Megaupload Madness: Will The U.S. Have To Return Kim Dotcom's Cash?
Since January, we have been following the developments around Megaupload Founder Kim Dotcom's court proceedings and have started to seriously wonder: Will the case even get to trial?
Specifically, we're concerned with a question that raised in New Zealand back in April, when a judge said that because Dotcom was never formally served with papers by the U.S.: "I frankly don't know that we are ever going to have a trial in this matter."
Well, it looks like Dotcom has just decided to use this point to his advantage.
Dotcom, who is still fighting extradition to the U.S., has just filed a motion to dismiss in the Eastern District of Virginia, according to TorrentFreak.
St. John's Red Storm Men's Basketball vs. Cal State Northridge Matadors Womens Basketball
TicketsMon., Dec. 5, 6:30pm
Tire Pros Classic - Syracuse V Uconn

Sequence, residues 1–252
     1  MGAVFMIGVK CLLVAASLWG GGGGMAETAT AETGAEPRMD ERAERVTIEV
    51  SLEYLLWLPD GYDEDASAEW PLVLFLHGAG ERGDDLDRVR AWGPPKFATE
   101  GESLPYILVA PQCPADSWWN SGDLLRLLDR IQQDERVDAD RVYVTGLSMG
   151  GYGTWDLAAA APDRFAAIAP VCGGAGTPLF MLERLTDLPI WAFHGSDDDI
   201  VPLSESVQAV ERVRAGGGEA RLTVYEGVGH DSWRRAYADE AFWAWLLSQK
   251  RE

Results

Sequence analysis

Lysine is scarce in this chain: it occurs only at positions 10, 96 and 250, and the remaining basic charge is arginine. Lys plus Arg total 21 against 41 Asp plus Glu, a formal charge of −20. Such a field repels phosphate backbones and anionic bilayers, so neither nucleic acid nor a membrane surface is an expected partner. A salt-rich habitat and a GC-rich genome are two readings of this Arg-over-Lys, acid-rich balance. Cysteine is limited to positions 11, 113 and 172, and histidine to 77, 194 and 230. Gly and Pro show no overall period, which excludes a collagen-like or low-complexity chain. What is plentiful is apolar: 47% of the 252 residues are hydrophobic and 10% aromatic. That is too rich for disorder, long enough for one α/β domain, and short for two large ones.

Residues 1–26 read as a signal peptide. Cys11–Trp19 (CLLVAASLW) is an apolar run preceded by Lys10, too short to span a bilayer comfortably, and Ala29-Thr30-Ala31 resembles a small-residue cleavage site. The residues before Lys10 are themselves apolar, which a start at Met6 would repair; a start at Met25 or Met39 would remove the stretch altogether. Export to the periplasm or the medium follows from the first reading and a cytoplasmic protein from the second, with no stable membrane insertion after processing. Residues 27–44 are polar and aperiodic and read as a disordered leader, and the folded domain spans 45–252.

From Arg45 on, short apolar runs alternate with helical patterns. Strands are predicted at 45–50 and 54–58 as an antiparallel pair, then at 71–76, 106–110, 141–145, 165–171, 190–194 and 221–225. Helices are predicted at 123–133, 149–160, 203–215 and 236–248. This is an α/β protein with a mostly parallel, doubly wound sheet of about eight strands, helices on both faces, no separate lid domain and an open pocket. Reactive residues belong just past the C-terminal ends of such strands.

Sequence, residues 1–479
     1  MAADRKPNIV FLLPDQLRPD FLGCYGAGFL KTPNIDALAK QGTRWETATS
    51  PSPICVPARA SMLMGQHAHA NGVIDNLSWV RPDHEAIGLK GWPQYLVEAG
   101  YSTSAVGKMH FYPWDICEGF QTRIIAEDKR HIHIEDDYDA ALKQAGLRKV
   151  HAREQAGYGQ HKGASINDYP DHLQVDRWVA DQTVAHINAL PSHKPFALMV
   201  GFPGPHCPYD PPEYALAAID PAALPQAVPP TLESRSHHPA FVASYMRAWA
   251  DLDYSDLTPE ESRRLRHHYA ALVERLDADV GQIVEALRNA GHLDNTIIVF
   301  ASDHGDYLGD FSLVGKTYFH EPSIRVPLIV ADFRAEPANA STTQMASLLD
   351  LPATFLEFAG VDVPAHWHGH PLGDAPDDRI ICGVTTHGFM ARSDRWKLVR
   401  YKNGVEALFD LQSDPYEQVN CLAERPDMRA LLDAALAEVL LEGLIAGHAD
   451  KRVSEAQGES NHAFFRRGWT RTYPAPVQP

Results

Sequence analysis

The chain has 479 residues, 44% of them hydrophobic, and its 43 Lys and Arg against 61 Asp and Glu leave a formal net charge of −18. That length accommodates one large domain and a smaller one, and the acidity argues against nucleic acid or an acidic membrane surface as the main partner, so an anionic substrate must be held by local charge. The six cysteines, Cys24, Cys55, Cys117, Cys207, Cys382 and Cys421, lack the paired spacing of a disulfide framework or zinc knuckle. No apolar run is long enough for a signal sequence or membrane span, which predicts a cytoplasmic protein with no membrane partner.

TicketsMon., Dec. 5, 7:00pm
Brooklyn Nets vs. Washington Wizards
TicketsMon., Dec. 5, 7:30pm
New York Jets vs. Indianapolis Colts
TicketsMon., Dec. 5, 8:30pm
Yes, motions to dismiss get filed in criminal cases all the time.
However, the key thing here is that this doc points exactly to the New Zealand judge's opinion -- that the U.S. messed up by not serving Dotcom papers.
Also important? Dotcom's legal team had also beaten American demands that he return to jail and the New Zealand government agreed to return some of his assets.
Shortly after filing the motion to dismiss, Dotcom made a similar petition to get some of his money back from the U.S., which has seized $67 million and tried to lock down $175 million more. Dotcom, TorrentFreak notes, claims that this equates to all the revenue ever generated by Megaupload, potentially a legally dodgy position. From the motion:
"The premise of the Government's forfeiture request is that Megaupload never earned a single penny that was not criminal under U.S. law -- whether, say, from a non-infringing use of its service, or from use that occurred wholly outside the United States and beyond reach of U.S. law, or even from an infringing use within the United States as to which Defendants nonetheless qualify for a statutory safe harbor or lacked requisite criminal intent."
We're going to try to get a comment from the Department of Justice (staffers wouldn't talk to us yesterday.) But we'll update if we hear back or if there are any new developments.
Follow Victoria Bekiempis @vicbekiempis.